Schlottmann, A and Ray, ED and Mitchell, A and Demetriou, N (2006) Perceived physical and social causality in animated motions: Spontaneous reports and ratings. ACTA PSYCHOL , 123 (1-2) 112 - 143. 10.1016/j.actpsy.2006.05.006.
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Michotte argued that we perceive cause-and-effect, without contributions from reasoning or learning, even in displays of two-dimensional moving shapes. Two studies extend this line of work from perception of mechanical to social causality. We compared verbal reports with structured ratings of causality to gain a better understanding of the extent to which perceptual causality occurs spontaneously or depends on instruction or context. A total of 120 adult observers (72 in the main experiment, 48 in an initial experiment) saw 12 (or 8) different computer animations of shape A moving up to B, which in turn moved away. Animations factorially varied the temporal and spatial relations of the shapes, and whether they moved rigidly or in a non-rigid, animal-like manner. Impressions of social as well as physical causality appeared in both free reports and ratings. Perception of physical causality was stronger than perception of social causality, particularly in free reports. No differences of this nature appear in infants and children, so the asymmetry may reflect learnt knowledge. Physical causality was relatively unspecific initially, but discrimination of causal and delayed control events improved with exposure to multiple events. Experience seems to affect the causal illusion even over a short timeframe; the idea of 'one-trial causality' may be somewhat misleading. Regardless of such effects on the absolute level of responses, the different measures showed similar patterns of variation with the spatio-temporal configuration and type of motion. The good fit of ratings and reports validates much recent work in this area. (c) 2006 Elsevier B.V. All rights reserved.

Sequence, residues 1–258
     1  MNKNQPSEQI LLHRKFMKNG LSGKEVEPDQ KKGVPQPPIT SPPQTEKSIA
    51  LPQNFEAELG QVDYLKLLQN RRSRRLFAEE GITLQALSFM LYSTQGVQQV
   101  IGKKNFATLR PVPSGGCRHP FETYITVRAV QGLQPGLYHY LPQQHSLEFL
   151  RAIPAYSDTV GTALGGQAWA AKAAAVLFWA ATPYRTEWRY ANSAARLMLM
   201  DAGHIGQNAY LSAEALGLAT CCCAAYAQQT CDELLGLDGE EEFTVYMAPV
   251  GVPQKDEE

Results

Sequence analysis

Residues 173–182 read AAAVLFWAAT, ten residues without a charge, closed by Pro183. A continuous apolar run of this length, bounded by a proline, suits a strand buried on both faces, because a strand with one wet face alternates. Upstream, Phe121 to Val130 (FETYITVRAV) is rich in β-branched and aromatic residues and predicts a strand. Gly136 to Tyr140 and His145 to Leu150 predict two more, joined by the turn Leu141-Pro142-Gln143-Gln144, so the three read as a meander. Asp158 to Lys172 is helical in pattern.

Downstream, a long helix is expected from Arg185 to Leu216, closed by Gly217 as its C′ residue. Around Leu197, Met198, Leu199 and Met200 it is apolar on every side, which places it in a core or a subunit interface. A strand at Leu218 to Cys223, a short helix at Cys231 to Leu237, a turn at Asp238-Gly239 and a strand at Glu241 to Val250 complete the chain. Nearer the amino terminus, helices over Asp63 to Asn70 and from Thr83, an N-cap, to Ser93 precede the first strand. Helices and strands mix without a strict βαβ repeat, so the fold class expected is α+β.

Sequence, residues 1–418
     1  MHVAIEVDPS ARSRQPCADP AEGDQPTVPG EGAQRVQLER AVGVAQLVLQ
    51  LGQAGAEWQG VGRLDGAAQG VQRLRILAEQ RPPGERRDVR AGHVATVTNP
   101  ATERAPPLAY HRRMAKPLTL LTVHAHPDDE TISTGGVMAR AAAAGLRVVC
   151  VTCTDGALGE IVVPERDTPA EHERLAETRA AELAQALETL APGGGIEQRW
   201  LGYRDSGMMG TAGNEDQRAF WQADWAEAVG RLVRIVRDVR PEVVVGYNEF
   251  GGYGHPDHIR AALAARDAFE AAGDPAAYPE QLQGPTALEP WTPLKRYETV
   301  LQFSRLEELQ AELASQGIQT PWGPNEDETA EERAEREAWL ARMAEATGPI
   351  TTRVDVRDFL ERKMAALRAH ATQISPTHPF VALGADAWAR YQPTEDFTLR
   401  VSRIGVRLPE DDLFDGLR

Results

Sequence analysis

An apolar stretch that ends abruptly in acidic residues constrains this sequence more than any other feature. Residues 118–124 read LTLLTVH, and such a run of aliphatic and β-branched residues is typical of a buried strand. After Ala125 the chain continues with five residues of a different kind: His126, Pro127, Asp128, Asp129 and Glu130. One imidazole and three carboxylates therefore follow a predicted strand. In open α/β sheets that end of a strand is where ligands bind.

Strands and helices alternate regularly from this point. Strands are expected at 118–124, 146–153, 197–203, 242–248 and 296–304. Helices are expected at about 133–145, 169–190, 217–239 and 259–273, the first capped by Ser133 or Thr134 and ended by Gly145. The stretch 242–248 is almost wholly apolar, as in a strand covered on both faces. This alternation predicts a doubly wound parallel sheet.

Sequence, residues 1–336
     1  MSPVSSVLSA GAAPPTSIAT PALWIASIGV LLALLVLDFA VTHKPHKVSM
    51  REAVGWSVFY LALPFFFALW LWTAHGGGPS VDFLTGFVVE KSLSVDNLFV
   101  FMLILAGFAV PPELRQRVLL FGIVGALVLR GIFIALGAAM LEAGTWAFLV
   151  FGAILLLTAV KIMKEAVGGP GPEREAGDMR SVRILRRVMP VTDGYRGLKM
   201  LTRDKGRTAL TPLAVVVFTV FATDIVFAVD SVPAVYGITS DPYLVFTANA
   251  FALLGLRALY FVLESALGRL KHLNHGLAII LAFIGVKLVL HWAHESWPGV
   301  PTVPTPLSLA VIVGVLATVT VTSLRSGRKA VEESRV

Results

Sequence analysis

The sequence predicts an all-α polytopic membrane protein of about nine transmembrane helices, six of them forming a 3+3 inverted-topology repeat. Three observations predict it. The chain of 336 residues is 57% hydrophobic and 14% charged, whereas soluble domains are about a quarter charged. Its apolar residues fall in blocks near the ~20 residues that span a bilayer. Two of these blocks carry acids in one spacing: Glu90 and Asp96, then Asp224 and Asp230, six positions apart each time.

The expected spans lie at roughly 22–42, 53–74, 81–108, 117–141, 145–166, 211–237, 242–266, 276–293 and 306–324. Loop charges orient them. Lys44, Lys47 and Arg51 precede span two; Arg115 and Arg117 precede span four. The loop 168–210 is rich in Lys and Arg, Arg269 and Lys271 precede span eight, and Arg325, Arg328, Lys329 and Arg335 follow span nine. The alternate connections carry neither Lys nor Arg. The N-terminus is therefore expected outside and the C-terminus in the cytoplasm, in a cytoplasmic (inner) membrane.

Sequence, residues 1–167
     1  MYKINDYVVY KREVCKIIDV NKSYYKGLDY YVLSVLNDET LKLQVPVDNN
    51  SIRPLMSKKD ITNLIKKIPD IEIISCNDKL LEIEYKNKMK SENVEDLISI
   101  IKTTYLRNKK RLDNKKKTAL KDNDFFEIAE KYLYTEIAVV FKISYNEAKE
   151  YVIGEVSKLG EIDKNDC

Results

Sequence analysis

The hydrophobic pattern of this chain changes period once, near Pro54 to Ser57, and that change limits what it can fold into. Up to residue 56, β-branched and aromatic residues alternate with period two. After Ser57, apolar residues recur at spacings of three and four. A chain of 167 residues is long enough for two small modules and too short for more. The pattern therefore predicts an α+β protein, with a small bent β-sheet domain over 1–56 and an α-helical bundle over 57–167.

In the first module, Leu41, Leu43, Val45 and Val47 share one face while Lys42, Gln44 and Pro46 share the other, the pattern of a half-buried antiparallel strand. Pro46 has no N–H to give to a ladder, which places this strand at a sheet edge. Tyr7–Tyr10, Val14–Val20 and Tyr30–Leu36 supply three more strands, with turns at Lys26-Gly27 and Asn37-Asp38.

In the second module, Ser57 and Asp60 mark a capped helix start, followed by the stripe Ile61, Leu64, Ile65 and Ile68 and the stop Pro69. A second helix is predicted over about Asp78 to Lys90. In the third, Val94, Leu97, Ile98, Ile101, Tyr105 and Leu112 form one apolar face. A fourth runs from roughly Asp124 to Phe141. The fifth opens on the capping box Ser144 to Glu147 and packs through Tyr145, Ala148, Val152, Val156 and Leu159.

|Title:||Perceived physical and social causality in animated motions: Spontaneous reports and ratings|
|Keywords:||perceptual causality, mechanical causality, social causality, animacy, launch event, reaction event, PERCEPTUAL CAUSALITY, REPRESENTATIONAL MOMENTUM, PHENOMENAL CAUSALITY, INFANTS, BRAIN, CAUSATION, EVENT, MECHANISMS, CONTINUITY, DISTANCE|
|UCL classification:||UCL > School of Life and Medical Sciences > Faculty of Brain Sciences > Psychology and Language Sciences (Division of) > Developmental Science|
UCL > School of Life and Medical Sciences > Faculty of Life Sciences
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